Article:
George Fisher, early settler, was born in Székésféhervór, Hungary, in April 1795 and named Djordje Ribar by his Serbian parents. After his father died, he was sent to the Serbian Orthodox Church School at Karlovci, seat of the Serbian metropolitan in Vojvodina, to study for the priesthood. He left in 1813 to join the Slavonic Legion during the Serbian Revolution. When the legion was disbanded in 1814, he sailed for America as a redemptioner. Upon arriving, because of his lack of money, he was held by the ship's owners to redeem his contract. He and two companions escaped in the ship's boat and landed above Philadelphia, where they were later mistaken by suspicious onlookers for fishermen. Here Ribar assumed the English version of his name, George Fisher.
Fisher settled in Mississippi before 1819, when he tentatively planned to go to Texas with the James Long expedition. In 1825 he went to Mexico, where he was active in establishing the first York Rite Masonic lodge in that country. After failing to secure an empresario contract in 1827, he took out Mexican naturalization papers in 1829 and, as a Mexican citizen, contracted to settle five hundred families on lands formerly held by Haden Edwards. Fisher was appointed collector of customs at Galveston in 1829 but failed to receive his credentials; in 1830 he was recognized as administrator of the port of Galveston. After Manuel de Mier y Terán ordered the port suspended in July 1830, Fisher became secretary of the ayuntamiento at San Felipe but was discharged when he was suspected of acting as secret agent for Vicente Ramón Guerrero. Having been reinstated by Terán, Fisher set up the customhouse at Anahuac on Galveston Bay in November 1831. He decreed that all ships leaving Brazoria and certain other ports had to be cleared through Anahuac. To secure these clearances some shippers had to journey 200 miles overland. Some shipmasters expressed their dissatisfaction by running past the fort on the lower Brazos. During one encounter a Mexican soldier was wounded. As the result of the Anahuac Disturbances, threats by the Texas colonists caused Fisher to return to Matamoros, where, from 1832 to 1835, he published Mercurio del Puerto de Matamoros. The paper was too liberal for the taste of Mexican officials and caused his dismissal from Mexico. In October 1835 Fisher was in New Orleans acting as commissary general and secretary for the Tampico expedition.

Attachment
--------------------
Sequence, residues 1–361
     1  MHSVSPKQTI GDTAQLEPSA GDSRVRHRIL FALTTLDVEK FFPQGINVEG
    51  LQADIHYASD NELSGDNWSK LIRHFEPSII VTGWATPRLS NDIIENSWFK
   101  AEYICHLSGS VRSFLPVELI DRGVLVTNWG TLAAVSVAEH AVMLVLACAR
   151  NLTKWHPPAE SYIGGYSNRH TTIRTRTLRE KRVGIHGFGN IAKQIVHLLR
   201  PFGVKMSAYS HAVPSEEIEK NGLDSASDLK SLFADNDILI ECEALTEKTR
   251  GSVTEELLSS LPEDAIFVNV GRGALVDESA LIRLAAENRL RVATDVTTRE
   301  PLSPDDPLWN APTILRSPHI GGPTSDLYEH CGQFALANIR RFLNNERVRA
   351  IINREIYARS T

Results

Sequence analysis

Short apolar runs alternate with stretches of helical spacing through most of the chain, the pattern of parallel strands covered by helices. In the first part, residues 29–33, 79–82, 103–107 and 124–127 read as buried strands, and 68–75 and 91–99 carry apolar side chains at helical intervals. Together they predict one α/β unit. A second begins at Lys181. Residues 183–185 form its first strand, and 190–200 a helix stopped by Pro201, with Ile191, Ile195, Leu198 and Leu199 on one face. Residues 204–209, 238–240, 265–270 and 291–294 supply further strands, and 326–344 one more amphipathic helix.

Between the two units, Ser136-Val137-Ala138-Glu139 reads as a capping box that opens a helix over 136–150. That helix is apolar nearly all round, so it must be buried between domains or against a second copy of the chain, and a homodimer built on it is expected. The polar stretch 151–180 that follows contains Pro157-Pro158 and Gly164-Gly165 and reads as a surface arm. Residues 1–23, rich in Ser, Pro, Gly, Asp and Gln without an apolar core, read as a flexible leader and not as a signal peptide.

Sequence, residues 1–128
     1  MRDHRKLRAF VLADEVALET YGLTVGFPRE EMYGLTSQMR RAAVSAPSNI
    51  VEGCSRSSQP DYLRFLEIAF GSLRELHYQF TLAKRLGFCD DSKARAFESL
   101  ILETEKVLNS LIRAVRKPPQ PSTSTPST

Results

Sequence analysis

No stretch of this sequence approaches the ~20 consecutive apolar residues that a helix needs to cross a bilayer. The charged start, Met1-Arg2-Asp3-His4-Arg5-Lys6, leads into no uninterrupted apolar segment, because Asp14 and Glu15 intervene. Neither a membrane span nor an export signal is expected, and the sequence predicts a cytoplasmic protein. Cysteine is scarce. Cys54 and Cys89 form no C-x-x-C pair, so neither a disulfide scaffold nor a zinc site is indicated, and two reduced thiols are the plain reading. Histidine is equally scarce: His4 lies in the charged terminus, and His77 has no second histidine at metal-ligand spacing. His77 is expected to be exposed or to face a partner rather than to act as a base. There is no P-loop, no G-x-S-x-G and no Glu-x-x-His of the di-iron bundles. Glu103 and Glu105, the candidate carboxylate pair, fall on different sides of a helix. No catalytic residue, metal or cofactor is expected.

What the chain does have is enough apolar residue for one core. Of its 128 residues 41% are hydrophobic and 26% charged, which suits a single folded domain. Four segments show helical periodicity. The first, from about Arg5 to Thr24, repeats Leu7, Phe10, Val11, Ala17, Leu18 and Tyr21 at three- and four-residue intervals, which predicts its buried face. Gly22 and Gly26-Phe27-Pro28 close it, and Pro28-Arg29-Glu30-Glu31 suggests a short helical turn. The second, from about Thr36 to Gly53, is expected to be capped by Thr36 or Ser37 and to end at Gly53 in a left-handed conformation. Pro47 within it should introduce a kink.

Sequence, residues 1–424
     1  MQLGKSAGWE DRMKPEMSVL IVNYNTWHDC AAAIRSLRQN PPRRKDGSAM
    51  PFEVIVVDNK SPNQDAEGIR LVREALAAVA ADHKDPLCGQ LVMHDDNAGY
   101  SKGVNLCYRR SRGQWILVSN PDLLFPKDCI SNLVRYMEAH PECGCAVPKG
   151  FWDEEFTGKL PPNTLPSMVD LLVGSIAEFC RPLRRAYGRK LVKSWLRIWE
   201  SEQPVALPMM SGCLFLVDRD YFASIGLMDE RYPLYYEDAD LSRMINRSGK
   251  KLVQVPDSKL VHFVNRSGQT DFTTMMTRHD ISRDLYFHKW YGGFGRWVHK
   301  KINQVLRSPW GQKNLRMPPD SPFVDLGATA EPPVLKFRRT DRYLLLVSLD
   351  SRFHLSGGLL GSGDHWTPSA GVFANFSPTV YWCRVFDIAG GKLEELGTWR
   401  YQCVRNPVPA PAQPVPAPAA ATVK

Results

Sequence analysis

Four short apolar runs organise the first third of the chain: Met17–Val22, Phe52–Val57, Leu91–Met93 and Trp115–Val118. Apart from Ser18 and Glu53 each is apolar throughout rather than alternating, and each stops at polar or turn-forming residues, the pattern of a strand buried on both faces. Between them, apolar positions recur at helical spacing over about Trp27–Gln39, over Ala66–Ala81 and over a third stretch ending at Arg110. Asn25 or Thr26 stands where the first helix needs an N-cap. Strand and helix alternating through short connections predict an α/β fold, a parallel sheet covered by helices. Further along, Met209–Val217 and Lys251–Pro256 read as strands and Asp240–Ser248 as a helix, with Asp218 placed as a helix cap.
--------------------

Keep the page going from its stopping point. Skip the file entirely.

In 1837 he went into business as a commission agent in Houston. He served as justice of the peace in 1839, was admitted to the bar in 1840, and was a member of the Houston city council in 1840. He was also president of the German Union, a philanthropic society founded in 1840. In 1843 he was major of the Second Brigade of the Texas militia. He went to Panama in 1850 and to California in 1851. In 1856 he presented his library, papers, and correspondence to the state of Texas. He served in civic posts in San Francisco from 1860 to 1870, when he became consul to Greece. When the Harris County Historical Society was organized in 1870, Fisher sent its president, Ashbel Smith, a record of his activities in Texas.
Fisher was married four times: first to Elizabeth Davis of Mississippi in 1815, with whom he had three sons and from whom he was divorced in 1839; second, to Mrs. M. C. Page in Galveston on July 20, 1840; third, to Mrs. Mary Caroline Fleming, in Galveston on April 13, 1848; and fourth, to Mrs. Caroline H. Fisher. Fisher died in San Francisco on June 11, 1873. Flags at all consulates flew at half-mast as a mark of respect.